Lambda Warming is an Antipattern

At a certain stage during most monolith to microservice migrations, teams that choose to migrate to Lambda often encounter a classic problem: cold starts.

Searching this issue on Google (or DuckDuckGo for those conscious of privacy) yields thousands of results. Strategies abound, from reducing cold start times to using Lambda warmers and other seemingly haphazard tactics.

On the surface, optimizing your Lambdas seems beneficial. Lambda bills per millisecond of compute time, so optimizing at scale can lead to marginal cost savings, not to mention the customer impact of a faster app.

I won't rehash the numerous articles suggesting sound methods to improve Lambda performance, such as increasing memory, avoiding placement in VPCs, and choosing quick languages like Python, Go, or Node.js (in that order).

Instead, I'll focus on another strategy often suggested to mitigate cold start problems: Lambda warming.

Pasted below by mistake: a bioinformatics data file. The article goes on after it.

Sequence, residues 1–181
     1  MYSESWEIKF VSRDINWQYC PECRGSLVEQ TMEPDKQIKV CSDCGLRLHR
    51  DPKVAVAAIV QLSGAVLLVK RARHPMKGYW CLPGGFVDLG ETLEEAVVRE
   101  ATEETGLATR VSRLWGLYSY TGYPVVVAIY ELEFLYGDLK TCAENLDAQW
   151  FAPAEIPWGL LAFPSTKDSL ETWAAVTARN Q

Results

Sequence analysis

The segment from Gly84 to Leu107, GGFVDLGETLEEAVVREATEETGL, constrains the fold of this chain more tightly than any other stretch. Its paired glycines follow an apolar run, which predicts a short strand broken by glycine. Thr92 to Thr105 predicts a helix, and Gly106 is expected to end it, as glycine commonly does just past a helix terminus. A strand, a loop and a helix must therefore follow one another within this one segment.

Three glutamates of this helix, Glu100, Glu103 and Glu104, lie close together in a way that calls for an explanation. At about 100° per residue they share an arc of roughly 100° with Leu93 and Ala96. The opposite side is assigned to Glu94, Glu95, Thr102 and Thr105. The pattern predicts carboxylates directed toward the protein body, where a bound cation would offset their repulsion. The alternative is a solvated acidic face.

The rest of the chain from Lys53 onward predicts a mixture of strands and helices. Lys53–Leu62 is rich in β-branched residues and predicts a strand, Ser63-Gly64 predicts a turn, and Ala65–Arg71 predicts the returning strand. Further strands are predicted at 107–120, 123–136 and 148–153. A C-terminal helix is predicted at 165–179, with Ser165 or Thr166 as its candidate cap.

Lambda warming is a method where Lambdas are pinged to maintain an active, spun-up instance. Theoretically, this eliminates the time AWS takes to boot the container. However, as Yan Cui points out on The Burning Monk, this assumption is flawed. By implementing a Lambda warming mechanism, you're only keeping a single instance of your app alive (until it recycles about every 45 minutes, a built-in AWS quirk) rather than having many concurrent instances ready for traffic.

Beyond this apparent flaw, Lambda warming disrupts the pattern of Lambda's transactional, functional nature—stateless input and output.

If you've concluded that you need Lambda warming, it suggests a larger issue: the need for low latency in your backend systems, either for customer experience or technical reasons. And by using Lambda warming, you're likely willing to invest money to combat 300ms of latency.

If these statements ring true, then the reality is you might be better served by a different service like ECS Fargate, Kubernetes (EKS), or traditional EC2—essentially, anything long-lived.

Lambda is a fantastic tool, but it's not a one-size-fits-all solution. Often, a HTTP API with some cold start latency is perfectly acceptable. However, for real-time services like chat, it might not be the best fit. Yet, if your traffic for such a service is consistent, then perhaps it is suitable!

The key is to gather data, understand your use case and pain points, and then evaluate your options. Don't rush to a workaround without thorough consideration.